Last year, banks collected over $20 billion from credit card penalty fees.
Because of industry consolidation, mergers and acquisitions, about 80% of outstanding credit card debt belong to the hands of the top six issuers — Bank of America, Chase, Citigroup, American Express, Capital One and Discover.
If you think they are making a killing with the up-to-30% interest rates, you should see all the hidden fees associated to owning a credit card:
- Late Fees
- Over the Limit fees
- Cash-advance fees
- Currency-conversion fees
- Rush Delivery Fees
- Copy of Billing statement fees
Late fees make up about 70% of the industry’s penalty-fee income, Last year, 1 in 3 active credit card accounts was charged a late fee.
As well, read the fine print: banks are setting a cut- off time on the payment due date.
One-third of banks surveyed last year required payments to be received before a specified hour on the due date! Their justification is to to give the bank "sufficient" time to process payments made that day.
Also, if you own a “low rate” or “0% interest” credit card from a promotion, one late fee will discontinue that promotion and out you in the same bracket as the other people in debt!
If you go over your credit limit by 1 cent, you can expect to face a fee of up to $39.
This one irks me. If you go over your credit limit, why don’t they refuse the transaction?
Their justification behind these fees is to discourage consumers from exceeding their credit limit and raising their risk of default.
You have to watch out for pre-authorized bill payments to your credit card.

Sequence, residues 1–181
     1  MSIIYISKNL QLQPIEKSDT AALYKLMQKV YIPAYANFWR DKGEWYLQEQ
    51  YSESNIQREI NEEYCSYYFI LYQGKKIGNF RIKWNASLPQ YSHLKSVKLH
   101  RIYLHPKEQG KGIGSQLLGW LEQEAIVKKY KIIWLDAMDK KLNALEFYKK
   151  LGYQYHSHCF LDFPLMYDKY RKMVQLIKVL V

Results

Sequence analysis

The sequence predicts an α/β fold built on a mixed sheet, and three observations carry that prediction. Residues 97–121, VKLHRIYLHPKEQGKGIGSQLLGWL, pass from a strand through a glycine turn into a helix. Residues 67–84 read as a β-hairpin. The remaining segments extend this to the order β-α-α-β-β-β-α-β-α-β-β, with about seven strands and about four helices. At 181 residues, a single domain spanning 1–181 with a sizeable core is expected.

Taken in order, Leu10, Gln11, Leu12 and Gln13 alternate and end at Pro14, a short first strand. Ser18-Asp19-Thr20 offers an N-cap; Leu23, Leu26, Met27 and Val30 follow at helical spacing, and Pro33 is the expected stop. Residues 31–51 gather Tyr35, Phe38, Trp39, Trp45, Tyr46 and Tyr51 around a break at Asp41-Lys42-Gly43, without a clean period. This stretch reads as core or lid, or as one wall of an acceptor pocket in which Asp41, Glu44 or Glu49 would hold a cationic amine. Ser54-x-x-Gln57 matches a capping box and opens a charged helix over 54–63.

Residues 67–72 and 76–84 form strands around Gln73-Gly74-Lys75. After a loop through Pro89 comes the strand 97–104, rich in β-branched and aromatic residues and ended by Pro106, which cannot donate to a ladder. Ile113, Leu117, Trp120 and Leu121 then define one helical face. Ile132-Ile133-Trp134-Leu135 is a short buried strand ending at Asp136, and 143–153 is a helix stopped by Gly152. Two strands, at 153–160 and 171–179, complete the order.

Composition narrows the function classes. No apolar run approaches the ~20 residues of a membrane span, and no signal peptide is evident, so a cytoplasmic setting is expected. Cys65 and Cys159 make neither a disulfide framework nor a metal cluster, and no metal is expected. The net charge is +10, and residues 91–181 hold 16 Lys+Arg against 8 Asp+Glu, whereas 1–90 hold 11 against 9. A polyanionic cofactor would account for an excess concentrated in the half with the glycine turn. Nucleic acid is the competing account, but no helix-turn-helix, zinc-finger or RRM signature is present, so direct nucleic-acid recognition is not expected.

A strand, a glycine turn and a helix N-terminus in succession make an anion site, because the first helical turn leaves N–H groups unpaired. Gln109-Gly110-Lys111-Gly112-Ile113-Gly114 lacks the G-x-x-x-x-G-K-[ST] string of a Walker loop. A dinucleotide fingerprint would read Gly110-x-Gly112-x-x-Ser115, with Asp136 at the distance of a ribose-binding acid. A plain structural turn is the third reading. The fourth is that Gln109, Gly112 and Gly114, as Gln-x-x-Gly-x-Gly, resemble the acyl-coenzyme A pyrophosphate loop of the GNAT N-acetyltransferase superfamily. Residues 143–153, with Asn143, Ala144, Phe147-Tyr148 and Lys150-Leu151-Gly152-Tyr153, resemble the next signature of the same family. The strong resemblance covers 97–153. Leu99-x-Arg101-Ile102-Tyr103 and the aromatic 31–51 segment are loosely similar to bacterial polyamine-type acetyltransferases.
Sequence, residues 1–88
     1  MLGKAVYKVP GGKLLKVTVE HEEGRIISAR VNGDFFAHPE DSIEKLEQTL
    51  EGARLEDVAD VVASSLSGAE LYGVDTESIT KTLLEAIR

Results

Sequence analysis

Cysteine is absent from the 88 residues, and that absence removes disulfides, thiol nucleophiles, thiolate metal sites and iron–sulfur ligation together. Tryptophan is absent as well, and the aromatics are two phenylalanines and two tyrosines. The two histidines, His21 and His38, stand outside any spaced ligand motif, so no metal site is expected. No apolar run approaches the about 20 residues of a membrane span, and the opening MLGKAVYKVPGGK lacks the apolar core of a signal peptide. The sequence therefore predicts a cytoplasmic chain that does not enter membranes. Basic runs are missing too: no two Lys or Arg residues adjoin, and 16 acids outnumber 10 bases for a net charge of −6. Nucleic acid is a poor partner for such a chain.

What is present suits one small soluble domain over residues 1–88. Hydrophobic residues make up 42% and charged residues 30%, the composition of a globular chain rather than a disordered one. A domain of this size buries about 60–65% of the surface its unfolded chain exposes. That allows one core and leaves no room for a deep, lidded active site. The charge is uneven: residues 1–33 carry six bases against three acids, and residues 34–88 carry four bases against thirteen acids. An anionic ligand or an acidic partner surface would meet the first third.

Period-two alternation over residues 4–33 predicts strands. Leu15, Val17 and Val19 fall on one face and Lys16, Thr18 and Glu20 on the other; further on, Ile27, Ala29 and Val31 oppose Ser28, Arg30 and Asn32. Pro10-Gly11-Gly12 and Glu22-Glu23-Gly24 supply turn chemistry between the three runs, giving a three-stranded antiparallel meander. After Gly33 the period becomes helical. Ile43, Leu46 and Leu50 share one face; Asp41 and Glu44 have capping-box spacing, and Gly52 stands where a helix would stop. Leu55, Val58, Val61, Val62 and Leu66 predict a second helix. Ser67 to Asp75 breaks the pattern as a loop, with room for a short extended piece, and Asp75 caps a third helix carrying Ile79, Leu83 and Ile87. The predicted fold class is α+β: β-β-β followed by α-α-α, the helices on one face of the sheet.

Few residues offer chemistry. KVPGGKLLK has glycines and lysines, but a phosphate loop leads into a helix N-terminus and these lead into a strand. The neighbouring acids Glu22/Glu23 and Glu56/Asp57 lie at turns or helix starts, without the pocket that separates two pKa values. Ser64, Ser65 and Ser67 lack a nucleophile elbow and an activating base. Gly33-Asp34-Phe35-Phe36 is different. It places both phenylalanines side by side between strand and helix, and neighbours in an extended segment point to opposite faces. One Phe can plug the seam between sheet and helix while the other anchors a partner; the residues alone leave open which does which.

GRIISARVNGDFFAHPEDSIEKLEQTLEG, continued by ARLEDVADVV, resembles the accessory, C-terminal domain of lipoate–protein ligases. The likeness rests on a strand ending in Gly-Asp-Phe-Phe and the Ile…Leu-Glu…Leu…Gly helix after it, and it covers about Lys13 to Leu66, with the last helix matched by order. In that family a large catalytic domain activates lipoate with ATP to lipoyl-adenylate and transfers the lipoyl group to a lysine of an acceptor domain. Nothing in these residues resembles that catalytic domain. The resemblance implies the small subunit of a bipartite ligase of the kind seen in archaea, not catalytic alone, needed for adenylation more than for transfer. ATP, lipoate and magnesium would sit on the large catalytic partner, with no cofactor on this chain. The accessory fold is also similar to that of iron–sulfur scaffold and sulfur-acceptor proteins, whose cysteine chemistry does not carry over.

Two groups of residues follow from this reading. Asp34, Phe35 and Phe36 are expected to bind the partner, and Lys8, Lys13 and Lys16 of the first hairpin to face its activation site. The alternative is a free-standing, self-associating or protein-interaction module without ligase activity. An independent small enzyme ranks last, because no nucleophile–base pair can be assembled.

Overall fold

At least the consumer should be aware if they go over, and have a choice in the matter. Lets say you are at a restaurant and you don’t want the embarrassment of being over your limit and getting denied.
Most banks are also charging a 3% fee for a cash advance. What makes matters more confusing (and transparent on your credit card bill) is a spectrum of interest rates, such as one rate for purchases and one for cash advances.
It’s bad enough the US dollar is well below the Euro. Some banks are also charging a 3% fee for currency conversions. On $1000, that’s 30 bucks!
Like the cash advance fee, the maximum fee for such transactions was $50 to $75. Most banks have lifted the cap on the fees, producing more revenue for them.
Rush Delivery Fees
To obtain a copy of a billing statement, I’ve seen fees from $2 to $13 per item! These silly fees are aimed at people who have good credit, pay their bill in full every month (wouldn’t that be nice?) and are just too busy to check their statement in detail before paying.
These are the same people who use automated pre-authorized checking for automatic bill payments.
Copy of Billing statement fees
Lets say you are on vacation, or you are about to go on vacation and need your credit card delivered fast. For a rush delivery of a credit card, you can expect to pay anywhere from $10 to $20.
How high can credit card rates and fees go? Most large banks can charge as much as they want. A Supreme Court decision in the late 1970s required banks to follow only the usury laws of the state where they have credit card operations — not the laws of each state where they issue cards.
Banks defend themselves by saying they are charging high interest rates to protect you, the consumer, by preventing you to overextend yourself. Ha!
Some banks moved their credit card units to other states, such as Delaware and South Dakota, with no caps on rates.
For example, Wells Fargo Bank may be registered in California, but their Credit Card subsidiary is registered in Delaware!